only be used as a first pass tool.
 Auto-assign will easily develop the 80% solution and
should continue to be used for just that.
 The schedule then must continue to be reviewed by the
assignor for tweaks necessitated by the above
mentioned considerations.
Presented 9/10/2013
Findings – Assignment (Accept/Decline)
 The Arbiter settings should be changed to allow officials to
decline matches without sending an e-mail or placing a
phone call to the assignor.
 This will force each official to actively accept or decline
each match, rather than the current passive acceptance
triggered simply by viewing the assignment.
 Allowing such action will show respect for the officials,
and should in total lighten the work load of the assignor,
with there being fewer phone calls and direct e-mails to
deal with.
Presented 9/10/2013
Findings – Responses to unsolicited
 An official’s ranking should be adjusted based on his/her
 This would be amount to age-based discrimination and
is illegal in our country.
 SJSOA should enforce a limit on the number of Varsity
matches scheduled on any day regardless of conference
 The schools are our customers. No Varsity match has
deliberately been left without full coverage in recent
Presented 9/10/2013
Findings – Responses to unsolicited
 We need to gainfully employ our small pool of assessors or
risk losing them due to inactivity and the uncertainty of
their next assignment.
 As already noted above, we should rely more on current
officials to assess and less on former officials. Also, we
should not create assessment opportunities simply to
guarantee an income stream for a small group of folks.
 Very few e-mail reports were received from Varsity officials
commenting on the capabilities and limitations of the subVarsity officials they worked with.
 The need for such feedback needs to receive greater
emphasis, as this is a very important source of
Presented 9/10/2013
Findings – Responses to unsolicited
 All new cadets claiming USSF referee experience should
provide copies of yearly USSF registration forms.
 This information is largely kept electronically now, not
by a stack of “pink sheets” as all USSF referees used to
collect. When such claimed experience is questioned, it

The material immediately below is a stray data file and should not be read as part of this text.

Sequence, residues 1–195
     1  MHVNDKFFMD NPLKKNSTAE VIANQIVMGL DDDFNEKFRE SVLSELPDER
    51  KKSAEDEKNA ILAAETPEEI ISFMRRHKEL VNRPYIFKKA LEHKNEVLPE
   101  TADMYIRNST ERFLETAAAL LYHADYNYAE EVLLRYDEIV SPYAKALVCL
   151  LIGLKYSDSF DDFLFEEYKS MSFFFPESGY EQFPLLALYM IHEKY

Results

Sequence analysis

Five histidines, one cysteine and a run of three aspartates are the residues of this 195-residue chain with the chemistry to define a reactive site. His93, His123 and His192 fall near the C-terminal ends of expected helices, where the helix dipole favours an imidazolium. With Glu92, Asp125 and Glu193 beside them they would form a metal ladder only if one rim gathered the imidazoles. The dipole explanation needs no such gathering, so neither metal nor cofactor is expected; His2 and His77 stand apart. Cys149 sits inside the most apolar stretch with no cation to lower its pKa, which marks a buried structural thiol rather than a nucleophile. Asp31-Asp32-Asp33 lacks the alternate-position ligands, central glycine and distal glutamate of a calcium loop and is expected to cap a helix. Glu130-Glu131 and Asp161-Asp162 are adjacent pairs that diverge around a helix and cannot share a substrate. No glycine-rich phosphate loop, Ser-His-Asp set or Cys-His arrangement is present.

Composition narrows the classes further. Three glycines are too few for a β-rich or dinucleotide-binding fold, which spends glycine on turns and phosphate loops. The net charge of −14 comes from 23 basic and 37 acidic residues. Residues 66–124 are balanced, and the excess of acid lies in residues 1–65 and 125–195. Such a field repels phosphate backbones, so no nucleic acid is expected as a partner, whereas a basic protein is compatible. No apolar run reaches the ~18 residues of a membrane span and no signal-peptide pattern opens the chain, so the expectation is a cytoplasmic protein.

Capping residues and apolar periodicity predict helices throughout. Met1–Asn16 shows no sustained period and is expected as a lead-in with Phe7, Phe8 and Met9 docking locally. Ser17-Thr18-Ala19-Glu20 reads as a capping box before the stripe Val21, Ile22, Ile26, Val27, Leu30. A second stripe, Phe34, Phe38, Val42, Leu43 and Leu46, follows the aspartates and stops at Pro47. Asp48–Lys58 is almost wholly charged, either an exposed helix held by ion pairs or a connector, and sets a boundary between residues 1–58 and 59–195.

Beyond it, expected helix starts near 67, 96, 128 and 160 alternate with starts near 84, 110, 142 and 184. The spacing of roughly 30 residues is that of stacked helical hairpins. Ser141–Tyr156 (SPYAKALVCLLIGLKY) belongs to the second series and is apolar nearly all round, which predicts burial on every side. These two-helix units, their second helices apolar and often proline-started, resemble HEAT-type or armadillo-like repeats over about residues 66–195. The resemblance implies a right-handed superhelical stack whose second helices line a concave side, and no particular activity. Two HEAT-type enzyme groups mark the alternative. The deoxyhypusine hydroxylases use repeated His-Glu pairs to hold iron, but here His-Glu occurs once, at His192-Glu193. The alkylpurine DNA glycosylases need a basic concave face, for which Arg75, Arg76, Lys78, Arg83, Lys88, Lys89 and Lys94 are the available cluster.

is easily verifiable by other means.
 Provide yearly assessor training to increase the assessor
 This could be a good additional use of the JV
 Schools should have the ability to block officials
 They already have this capability
Presented 9/10/2013
Findings – Responses to unsolicited
 Officials blocked by schools should be so informed
 Agreed, if this is not the current policy, it should be.
 Referees should block schools they should not or do not
wish to officiate
 Already done
 No sub-Varsity official should receive a Varsity assignment
if a varsity referee is available
 Good in theory, taking into account the many
considerations listed earlier.
Presented 9/10/2013
Findings – Responses to unsolicited
 Schools should be able to prepare a list of preferred
referees for the playoffs, referees should be told when they
are placed on such a list, and the assignor should attempt
to reward officials who have been so honored by scheduling
them to one of that school’s playoff games.
 Schools already make such lists
 Informing referees that they were put on a list by a
school will lead to problems. While a compliment to the
referees listed, it will also lead towards ill-will against
the schools that did not list a certain official.
 The assignor already does make use of such lists, but
there are only so many playoff matches!
Presented 9/10/2013
Findings – Responses to unsolicited
 A committee should be used to compile the list of officials
sent to NJSIAA and recommended for assignment in the
Regional/State finals. Anyone on the committee should not
place themselves on the list.
 This would lead to a committee of officials not “good
enough” to be assigned to a Regional/State final being
used to select those who are “good enough”. The
greater good is served by having those of higher
experience and ability put together the list.
 Officials should receive a similar number of games for all
schools within their travel limits.
 Not all referees are equal, nor should their assignments
be equal.
Presented 9/10/2013
Findings – Responses to unsolicited
 A referee communication system (such as Ref Talk) should
be purchased and used to enhance the training and
development efforts, as well on “big games” (such as
Coaches Cup finals)
 Agreed. Such a system could be used in pre-season, to
allow a veteran official to communicate with a paired
cadet during the game. It could also be used on subVarsity matches to allow an assessor to communicate
with and mentor the on-field officials.
Presented 9/10/2013